In a federal lawsuit filed late last month, Multivideo Labs of Princeton, New Jersey, alleges that Intel crushed a new device for universal serial bus technology, because it would harm Intel's dominance in the chip market. Intel called the suit "frivolous." A universal serial bus, or USB, allows peripheral devices such keyboards or Zip drives to plug into personal computers without having to be configured first.
This is not the first time Intel, the world's largest chipmaker, has been accused of anticompetitive practices. A separate suit filed by Intergraph is scheduled to go to trial early next year in federal court in Alabama. The Huntsville, Alabama, maker of workstations alleges Intel's efforts to cut off advanced information and samples of Intel chips after a patent dispute arose violated antitrust laws.
Intergraph's accusations formed the cornerstone of an antitrust complaint filed last year by the Federal Trade Commission. Those charges were settled in March on the eve of the trial.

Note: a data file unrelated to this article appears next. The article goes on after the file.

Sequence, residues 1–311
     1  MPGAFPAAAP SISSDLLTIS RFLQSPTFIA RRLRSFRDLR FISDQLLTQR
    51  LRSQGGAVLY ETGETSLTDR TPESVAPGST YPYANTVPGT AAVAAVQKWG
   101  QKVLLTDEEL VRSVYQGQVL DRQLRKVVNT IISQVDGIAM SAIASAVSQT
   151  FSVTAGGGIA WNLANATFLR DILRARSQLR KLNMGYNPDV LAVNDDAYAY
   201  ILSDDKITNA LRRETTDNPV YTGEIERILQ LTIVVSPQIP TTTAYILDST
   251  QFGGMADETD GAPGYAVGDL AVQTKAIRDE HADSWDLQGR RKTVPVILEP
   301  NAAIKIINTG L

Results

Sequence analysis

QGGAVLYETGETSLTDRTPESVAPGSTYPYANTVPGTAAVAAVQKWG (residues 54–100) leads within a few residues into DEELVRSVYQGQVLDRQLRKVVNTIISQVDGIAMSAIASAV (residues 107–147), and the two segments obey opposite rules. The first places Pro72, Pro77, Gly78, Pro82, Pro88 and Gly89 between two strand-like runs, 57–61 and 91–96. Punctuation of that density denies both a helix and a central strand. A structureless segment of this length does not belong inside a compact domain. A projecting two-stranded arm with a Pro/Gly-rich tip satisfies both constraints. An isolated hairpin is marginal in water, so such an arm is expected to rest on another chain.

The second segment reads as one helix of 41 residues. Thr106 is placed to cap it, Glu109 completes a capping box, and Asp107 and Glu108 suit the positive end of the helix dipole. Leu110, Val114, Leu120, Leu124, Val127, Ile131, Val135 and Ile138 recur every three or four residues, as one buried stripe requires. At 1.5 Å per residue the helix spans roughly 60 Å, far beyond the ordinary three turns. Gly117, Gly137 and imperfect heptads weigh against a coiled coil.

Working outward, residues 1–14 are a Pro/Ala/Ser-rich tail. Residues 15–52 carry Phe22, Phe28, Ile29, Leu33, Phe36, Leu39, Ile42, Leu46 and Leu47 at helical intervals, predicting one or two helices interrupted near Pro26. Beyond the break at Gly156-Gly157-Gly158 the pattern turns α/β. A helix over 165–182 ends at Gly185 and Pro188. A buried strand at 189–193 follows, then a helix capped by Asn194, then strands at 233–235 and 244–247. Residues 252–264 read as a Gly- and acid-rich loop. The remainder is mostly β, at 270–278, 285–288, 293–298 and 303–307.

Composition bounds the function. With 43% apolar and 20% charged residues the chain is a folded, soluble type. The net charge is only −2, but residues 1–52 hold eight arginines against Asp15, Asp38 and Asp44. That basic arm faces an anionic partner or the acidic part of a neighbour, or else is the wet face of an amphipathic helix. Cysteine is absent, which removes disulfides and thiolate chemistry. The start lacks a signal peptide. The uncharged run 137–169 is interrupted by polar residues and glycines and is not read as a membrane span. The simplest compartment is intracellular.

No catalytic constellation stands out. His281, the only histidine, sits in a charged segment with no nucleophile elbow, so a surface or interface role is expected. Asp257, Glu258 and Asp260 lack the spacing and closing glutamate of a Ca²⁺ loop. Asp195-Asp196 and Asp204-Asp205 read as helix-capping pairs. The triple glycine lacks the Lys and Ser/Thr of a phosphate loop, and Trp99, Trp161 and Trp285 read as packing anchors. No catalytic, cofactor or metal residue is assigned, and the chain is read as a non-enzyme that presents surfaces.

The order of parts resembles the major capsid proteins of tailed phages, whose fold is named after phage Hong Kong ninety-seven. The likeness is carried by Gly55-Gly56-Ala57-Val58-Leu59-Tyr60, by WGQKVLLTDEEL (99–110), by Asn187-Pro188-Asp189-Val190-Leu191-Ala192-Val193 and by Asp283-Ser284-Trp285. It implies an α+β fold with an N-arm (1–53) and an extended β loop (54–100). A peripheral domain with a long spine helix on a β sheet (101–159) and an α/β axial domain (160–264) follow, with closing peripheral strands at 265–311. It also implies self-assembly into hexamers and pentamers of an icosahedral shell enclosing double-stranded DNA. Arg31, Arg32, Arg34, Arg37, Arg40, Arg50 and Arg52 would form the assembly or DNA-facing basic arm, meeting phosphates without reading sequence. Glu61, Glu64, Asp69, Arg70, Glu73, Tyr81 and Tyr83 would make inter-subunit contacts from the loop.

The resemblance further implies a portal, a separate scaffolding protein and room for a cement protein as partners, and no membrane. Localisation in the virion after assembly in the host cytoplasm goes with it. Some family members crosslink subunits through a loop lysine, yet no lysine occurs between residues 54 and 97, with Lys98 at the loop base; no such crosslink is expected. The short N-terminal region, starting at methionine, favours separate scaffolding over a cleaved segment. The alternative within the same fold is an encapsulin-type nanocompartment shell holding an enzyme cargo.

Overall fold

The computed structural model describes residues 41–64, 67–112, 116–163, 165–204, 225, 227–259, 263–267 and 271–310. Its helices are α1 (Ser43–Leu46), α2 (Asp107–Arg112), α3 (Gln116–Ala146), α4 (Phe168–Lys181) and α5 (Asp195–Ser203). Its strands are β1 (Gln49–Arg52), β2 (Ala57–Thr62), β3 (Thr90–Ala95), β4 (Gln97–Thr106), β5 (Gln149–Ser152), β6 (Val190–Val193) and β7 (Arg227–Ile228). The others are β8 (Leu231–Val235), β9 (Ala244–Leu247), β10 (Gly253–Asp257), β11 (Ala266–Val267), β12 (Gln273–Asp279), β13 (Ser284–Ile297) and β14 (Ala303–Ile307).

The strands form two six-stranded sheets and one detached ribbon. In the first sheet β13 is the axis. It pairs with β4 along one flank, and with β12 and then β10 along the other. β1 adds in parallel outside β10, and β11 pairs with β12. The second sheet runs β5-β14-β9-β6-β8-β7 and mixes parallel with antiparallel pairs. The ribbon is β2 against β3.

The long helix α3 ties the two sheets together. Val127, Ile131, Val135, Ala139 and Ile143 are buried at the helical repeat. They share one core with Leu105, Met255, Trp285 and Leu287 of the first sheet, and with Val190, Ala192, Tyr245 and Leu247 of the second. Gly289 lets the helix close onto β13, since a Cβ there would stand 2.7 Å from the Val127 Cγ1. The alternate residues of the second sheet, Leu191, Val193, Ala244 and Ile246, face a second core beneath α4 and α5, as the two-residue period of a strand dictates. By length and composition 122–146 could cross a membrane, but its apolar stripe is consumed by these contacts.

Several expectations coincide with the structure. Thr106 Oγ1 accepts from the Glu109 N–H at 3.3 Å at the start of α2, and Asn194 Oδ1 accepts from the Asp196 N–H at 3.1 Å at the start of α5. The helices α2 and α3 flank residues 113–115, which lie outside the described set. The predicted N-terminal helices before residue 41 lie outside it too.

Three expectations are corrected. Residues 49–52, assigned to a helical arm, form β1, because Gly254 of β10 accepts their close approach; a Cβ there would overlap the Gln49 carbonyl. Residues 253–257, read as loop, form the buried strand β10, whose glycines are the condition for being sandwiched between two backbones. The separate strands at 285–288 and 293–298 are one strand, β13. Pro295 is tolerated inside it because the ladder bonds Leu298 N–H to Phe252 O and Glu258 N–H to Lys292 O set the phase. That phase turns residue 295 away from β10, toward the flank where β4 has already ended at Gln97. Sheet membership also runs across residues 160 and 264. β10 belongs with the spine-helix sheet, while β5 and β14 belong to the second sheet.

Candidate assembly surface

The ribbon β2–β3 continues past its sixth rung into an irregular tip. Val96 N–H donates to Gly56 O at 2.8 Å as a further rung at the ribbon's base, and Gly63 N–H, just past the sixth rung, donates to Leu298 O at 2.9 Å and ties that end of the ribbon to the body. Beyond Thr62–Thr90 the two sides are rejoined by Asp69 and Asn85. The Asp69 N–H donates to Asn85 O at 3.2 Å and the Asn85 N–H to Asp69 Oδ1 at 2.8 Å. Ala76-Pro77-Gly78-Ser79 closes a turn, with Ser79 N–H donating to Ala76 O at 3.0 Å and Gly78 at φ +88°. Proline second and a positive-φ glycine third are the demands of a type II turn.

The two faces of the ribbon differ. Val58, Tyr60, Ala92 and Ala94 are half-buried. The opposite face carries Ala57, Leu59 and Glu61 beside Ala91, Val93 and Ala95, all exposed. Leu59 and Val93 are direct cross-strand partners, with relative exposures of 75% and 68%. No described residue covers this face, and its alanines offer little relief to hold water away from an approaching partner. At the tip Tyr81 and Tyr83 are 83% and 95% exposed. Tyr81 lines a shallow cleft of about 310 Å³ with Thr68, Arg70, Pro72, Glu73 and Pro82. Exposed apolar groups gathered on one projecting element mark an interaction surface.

The judge hearing the Integraph case last week rejected a key Intel argument, holding that the chip giant did not have a license to use Intergraph's technology.
The Multivideo Labs suit alleges Intel "has assumed a dominating role" at the USB Implementers Forum, which sets standards for USB technology, and has put the dampers on a technology known as AEC, which allows peripherals to more easily connect to PCs. Multivideo, which makes AEC, is seeking at least $40 million in damages.
"By disseminating misleading information about the AEC to retailers and distributors, Intel through USB-IF has created unreasonable barriers to entry of [Multivideo's] ASIC chip and AEC interconnect products," the suit alleges. "The result of this conduct has been to discourage competition with Intel's" rival product, known as the hub chip.
Intel spokesman Chuck Mulloy said the company "will vigorously defend" itself in the case, adding that "the overall case is without merit." He declined to discuss the particulars.
Specifically, Mulloy declined to discuss allegations that Intel is "using USB-IF's name to veil efforts to deter market acceptance of the AEC." Multivideo claims that at least two Intel employees, engineer Ralph Smith and Stephen Whalley, who also serves at USB-IF's chairman, were influential in keeping the group's official seal of approval off of the AEC.
A spokeswoman from Multivideo did not return a phone call seeking comment. The suit, which was reported earlier by Cal Law, was filed in federal court in New York.